The number of Colorado citations for driving while under the influence of marijuana dropped by 33.2 percent in the first quarter of 2017 compared with the same period last year, but the number of people using marijuana and then driving continues to be a concern for officials, reports the Denver Post. “We’re still troubled by the fact that marijuana users are still telling us they routinely drive high,” says Colorado Department of Transportation spokesman Sam Cole. “We’re pleased with the awareness, but we’re not so pleased with the behaviors that are actually happening.” Cole said that in a survey by his agency, 55 percent of marijuana users said they believed it was safe to drive under the influence. Three years ago when recreational marijuana was legalized, the agency started a “Drive High, Get a DUI” campaign to raise awareness that driving while stoned was illegal.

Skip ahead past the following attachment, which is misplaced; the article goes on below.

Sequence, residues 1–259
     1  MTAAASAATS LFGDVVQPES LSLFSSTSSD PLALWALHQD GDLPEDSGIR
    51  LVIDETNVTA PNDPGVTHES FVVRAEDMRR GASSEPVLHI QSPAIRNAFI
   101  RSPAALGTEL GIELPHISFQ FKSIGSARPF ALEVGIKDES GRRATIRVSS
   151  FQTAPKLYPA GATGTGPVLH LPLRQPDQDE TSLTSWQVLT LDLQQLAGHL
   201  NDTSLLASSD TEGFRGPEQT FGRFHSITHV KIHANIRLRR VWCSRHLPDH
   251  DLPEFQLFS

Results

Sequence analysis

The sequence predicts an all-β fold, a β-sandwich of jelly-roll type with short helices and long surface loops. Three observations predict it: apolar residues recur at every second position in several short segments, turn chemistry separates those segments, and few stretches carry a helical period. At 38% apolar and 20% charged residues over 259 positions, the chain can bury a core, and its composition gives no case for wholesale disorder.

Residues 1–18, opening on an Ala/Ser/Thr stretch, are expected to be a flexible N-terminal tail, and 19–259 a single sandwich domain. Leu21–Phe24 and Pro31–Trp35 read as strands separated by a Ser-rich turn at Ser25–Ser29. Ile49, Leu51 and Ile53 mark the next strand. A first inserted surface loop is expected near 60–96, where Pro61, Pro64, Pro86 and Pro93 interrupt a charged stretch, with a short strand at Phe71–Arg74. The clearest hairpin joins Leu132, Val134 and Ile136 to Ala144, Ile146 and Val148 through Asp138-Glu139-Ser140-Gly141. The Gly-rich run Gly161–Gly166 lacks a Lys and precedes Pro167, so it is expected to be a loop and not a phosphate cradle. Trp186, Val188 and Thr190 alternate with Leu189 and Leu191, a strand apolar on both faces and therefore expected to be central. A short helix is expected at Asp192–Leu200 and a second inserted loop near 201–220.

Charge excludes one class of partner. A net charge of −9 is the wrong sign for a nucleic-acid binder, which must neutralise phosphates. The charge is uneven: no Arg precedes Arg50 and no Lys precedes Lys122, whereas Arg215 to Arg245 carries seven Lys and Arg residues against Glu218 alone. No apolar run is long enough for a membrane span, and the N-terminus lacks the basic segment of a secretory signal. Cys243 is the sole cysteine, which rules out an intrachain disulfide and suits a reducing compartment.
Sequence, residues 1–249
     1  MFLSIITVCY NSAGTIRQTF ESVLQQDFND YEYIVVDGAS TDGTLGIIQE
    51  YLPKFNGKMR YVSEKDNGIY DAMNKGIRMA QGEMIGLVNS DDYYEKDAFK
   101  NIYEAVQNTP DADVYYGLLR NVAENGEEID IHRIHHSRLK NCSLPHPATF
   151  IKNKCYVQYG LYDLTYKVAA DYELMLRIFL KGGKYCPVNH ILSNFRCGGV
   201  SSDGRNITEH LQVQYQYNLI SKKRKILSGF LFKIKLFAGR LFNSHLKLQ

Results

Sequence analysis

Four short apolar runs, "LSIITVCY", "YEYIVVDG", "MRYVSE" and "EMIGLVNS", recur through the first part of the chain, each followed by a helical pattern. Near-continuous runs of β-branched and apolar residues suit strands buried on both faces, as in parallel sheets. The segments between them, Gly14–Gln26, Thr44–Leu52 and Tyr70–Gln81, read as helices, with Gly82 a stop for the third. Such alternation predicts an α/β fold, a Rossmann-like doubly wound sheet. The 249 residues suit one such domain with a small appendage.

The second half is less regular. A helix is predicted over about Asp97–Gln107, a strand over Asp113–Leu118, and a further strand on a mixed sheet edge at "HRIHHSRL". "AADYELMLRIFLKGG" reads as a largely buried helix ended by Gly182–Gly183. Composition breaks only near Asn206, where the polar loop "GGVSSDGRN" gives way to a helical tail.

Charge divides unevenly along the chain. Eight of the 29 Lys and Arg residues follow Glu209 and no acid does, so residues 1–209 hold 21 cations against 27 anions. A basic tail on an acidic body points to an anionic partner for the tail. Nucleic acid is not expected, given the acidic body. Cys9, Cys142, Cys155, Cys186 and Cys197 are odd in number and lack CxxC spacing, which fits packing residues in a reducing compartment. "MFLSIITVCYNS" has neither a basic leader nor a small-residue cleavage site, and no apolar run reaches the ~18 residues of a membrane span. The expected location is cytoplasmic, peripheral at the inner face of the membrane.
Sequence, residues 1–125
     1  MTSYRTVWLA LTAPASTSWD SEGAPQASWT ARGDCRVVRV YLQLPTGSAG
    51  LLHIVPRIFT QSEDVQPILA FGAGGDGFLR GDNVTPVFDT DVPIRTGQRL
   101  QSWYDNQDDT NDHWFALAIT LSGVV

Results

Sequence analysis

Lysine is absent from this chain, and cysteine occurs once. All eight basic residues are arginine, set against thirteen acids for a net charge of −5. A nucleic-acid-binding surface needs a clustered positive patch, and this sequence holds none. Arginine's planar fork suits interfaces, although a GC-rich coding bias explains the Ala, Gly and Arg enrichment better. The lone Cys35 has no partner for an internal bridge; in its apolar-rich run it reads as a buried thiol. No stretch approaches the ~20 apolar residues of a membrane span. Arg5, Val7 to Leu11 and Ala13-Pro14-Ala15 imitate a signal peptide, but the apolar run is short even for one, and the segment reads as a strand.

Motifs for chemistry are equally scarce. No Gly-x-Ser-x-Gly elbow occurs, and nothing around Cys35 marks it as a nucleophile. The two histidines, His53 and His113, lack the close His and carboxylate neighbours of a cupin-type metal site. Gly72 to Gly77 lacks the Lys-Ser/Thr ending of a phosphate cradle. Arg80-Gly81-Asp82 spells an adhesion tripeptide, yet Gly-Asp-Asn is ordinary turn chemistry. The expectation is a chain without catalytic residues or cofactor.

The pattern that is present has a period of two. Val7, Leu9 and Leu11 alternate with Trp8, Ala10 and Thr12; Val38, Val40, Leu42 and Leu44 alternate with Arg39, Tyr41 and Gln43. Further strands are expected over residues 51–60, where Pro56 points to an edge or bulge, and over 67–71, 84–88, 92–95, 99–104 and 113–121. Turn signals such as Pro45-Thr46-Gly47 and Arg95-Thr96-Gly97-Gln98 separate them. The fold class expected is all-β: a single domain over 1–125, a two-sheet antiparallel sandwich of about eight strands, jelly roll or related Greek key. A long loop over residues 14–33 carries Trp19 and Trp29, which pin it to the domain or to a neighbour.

Among survey respondents who said they used marijuana within the last 30 days, half of marijuana users say they have driven high.” Despite that, the Colorado State Patrol reported that from January to March, 155 people were cited for marijuana-use-only impairment while driving, compared to 232 cited from January to March of 2016. The number of citations noting combined alcohol and marijuana use also declined, with 50 in the first quarter of 2017 compared with 69 in the first three months of 2016. “Are the citations going down? Yeah, but is the number of people using marijuana and then driving going down? I don’t know how to quantify that,” said Nate Reid , a patrol spokesman.